Acting Senior Vice President and Executive Director for Europe, the International Rescue Committee

    Sanj Srikanthan is the Acting Senior Vice President, Europe and Executive Director, IRC-UK for the International Rescue Committee, a global humanitarian aid organization that provides emergency assistance and recovery support in conflicts and disaster zones. He joined IRC in June 2010 and has worked in over eight countries in response to both natural disasters, like the Haiti earthquake and Ebola outbreak, as well as complex conflict related emergencies in northern Syria and South Sudan.

    As a former Emergency Field Director, Mr. Srikanthan has been at the forefront of some of the most challenging responses that IRC has mounted, and supports initiatives to reform humanitarian response, in order to improve the impact and effectiveness of the aid sector. He has also held various IRC positions in West Africa, South Sudan and Haiti.

    He holds a Master of Public Administration from Columbia University and Sciences Po in Paris, with a focus on economic and political development.

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  • Bishop Noel Treanor

    Bishop, Down and Connor, Ireland

    Bishop Noel Treanor is the 32nd and current Bishop of the Irish diocese of Down and Connor, appointed by Pope Benedict XVI.

    Following his ordination Bishop Treanor was sent by the late Bishop Mulligan to the Irish College in Rome to pursue his studies of theology at the Pontifical Gregorian University. Recalled in 1980 by the then new Bishop of Clogher, Most Reverend Joseph Duffy, he was appointed assistant in the Cathedral parish, in charge of the local Catholic Marriage Advisory Council.

    From 1981 to 1985 Bishop Treanor again pursued the study of theology in Rome, while at the same time serving as Prefect of Studies at the Irish College. Having returned to his Diocese in 1985, Bishop Treanor was appointed Director of Adult Education. He organised a diocesan assembly of clergy held in 1986 to promote pastoral renewal within the diocese. His next appointment was as a curate in Enniskillen, where he also provided service at the general hospital and was active at Lough Derg pilgrimage centre.

    In 1989 Bishop Treanor was sent to Brussels to work with the Commission of the Bishops’ Conferences of the European Community, COMECE. While deeply involved in the expanding endeavour of this Church body to project Christian values into the European process, he continued to engage in pastoral work through contact with the English-speaking community in the city. He also published and lectured widely on European construction issues, the Church and Europe, and Church-State matters.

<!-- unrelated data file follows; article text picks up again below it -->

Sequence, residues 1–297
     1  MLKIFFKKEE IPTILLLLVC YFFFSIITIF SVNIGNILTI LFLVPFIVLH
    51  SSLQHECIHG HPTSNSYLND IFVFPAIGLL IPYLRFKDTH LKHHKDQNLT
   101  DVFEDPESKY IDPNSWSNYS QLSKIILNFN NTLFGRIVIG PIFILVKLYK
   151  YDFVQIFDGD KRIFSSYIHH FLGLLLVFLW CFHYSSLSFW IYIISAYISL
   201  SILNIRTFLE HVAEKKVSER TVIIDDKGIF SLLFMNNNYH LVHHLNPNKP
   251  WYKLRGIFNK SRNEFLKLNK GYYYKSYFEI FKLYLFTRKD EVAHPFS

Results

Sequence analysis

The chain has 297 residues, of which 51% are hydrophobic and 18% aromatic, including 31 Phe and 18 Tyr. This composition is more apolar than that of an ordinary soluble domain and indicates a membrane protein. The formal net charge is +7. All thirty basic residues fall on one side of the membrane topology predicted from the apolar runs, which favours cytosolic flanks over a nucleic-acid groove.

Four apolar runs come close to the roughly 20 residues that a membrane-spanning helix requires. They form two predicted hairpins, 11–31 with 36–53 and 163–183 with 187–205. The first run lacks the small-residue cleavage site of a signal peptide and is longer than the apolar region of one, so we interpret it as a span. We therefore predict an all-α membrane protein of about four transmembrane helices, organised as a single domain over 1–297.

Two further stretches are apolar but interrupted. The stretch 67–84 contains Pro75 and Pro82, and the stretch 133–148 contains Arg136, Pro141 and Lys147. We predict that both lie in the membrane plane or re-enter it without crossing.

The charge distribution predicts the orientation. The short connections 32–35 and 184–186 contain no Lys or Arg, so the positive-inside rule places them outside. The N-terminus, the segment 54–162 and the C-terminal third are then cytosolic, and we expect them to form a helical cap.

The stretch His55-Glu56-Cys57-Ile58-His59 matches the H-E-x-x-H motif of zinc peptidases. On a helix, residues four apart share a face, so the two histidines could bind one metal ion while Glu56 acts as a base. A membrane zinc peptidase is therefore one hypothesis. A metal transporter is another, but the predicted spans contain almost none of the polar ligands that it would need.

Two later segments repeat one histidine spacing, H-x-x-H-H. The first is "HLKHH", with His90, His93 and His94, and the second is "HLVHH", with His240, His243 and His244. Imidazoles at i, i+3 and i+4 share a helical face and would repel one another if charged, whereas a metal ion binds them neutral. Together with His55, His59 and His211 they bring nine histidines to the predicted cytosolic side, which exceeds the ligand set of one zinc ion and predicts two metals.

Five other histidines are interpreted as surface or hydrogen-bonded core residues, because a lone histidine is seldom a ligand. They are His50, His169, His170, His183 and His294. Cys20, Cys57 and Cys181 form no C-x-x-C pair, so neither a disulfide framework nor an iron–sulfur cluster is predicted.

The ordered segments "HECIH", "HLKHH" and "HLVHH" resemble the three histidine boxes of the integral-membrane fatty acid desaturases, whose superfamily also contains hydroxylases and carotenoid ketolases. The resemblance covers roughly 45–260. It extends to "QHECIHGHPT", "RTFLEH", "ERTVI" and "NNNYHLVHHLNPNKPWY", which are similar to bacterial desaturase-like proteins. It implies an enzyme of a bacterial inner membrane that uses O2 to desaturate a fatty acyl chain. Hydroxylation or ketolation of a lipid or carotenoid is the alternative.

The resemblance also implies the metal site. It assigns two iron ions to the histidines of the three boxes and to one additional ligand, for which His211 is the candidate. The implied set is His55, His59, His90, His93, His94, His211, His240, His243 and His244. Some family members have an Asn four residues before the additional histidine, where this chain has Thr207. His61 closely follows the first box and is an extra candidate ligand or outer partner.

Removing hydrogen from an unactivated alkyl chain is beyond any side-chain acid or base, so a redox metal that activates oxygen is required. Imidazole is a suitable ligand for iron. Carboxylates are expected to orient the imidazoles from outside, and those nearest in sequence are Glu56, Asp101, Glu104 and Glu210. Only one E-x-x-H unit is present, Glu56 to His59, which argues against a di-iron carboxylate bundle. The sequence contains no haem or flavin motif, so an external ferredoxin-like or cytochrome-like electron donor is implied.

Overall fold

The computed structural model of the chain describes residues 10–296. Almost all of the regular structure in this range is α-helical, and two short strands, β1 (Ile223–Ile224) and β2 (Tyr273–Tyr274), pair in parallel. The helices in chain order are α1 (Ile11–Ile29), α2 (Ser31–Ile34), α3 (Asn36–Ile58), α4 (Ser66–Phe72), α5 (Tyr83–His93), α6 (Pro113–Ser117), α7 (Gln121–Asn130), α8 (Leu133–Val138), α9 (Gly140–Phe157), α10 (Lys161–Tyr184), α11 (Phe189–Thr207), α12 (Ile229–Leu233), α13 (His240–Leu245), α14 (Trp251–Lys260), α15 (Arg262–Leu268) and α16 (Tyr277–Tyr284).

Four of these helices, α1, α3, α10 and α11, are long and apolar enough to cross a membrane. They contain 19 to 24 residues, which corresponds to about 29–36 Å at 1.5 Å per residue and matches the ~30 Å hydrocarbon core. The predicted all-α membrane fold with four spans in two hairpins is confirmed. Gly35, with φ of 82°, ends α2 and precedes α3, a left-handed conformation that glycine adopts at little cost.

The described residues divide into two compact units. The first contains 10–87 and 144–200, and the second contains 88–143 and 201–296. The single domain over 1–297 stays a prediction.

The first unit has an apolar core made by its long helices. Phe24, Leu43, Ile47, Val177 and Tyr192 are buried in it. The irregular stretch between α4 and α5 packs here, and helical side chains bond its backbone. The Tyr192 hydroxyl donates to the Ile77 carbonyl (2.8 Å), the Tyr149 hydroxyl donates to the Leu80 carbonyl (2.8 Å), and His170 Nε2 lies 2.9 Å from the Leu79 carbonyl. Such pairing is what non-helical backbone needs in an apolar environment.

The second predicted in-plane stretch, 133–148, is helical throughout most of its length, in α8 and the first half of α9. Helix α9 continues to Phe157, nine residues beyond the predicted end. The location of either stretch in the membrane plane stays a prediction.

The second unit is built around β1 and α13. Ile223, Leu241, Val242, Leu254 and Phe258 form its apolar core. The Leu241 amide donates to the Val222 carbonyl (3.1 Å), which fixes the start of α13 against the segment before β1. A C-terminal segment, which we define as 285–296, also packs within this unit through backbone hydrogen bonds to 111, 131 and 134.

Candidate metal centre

On March 31, 1993 Bishop Treanor was unanimously appointed Secretary General of COMECE for a three-year term and was reappointed for several successive terms since then. In May 1994, he was nominated Chaplain to His Holiness.

    On February 22, 2008, Pope Benedict XVI announced the appointment of Noel Treanor as Bishop. He was ordained to the Episcopate and installed as Bishop of Down and Connor on June 29, 2008.

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  • Lord David Trimble

    Former First Minister, Northern Ireland (1998-2002); Former Leader, the Ulster Unionist Party (1995-2005)

    Lord Trimble was joint winner of the Nobel Prize for Peace (with John Hume) in 1998, the two leaders being cited “for their efforts to find a peaceful solution to the conflict in Northern Ireland". He was Leader of the Ulster Unionist Party from 1995 to 2005, and was a key figure in the negotiations leading to the Belfast (or Good Friday) Agreement of 1998. Mr Trimble was First Minister of the Northern Ireland Assembly from 1998 to 2002. He entered the House of Lords in 2006 as a Crossbench peer, before joining the Conservatives in 2007.

    As Leader of the Ulster Unionist Party (1995 – 2005), David Trimble was closely involved in the negotiations leading to the Belfast (or Good Friday) Agreement of 1998. Defying criticism from fellow unionists, including some in his own party, Lord Trimble entered negotiations with Sinn Féin and others, eventually signing the historic document on 10 April 1998. Following this he campaigned for a yes vote in the May referendum campaign.

    Following the Belfast (Good Friday) Agreement, Lord Trimble worked alongside opposing political parties to set up the agreed administrative structures that were outlined in the Agreement. He was to become the inaugural First Minister (1999 – 2001 and 2001 – 2002) for the newly established Northern Ireland Assembly.

    Lord Trimble has been a member of many Committees in the Houses of Parliament, including the Joint Committee on Human Rights, which he joined in May 2016, and, from November 2017, the National Security Strategy Joint Committee.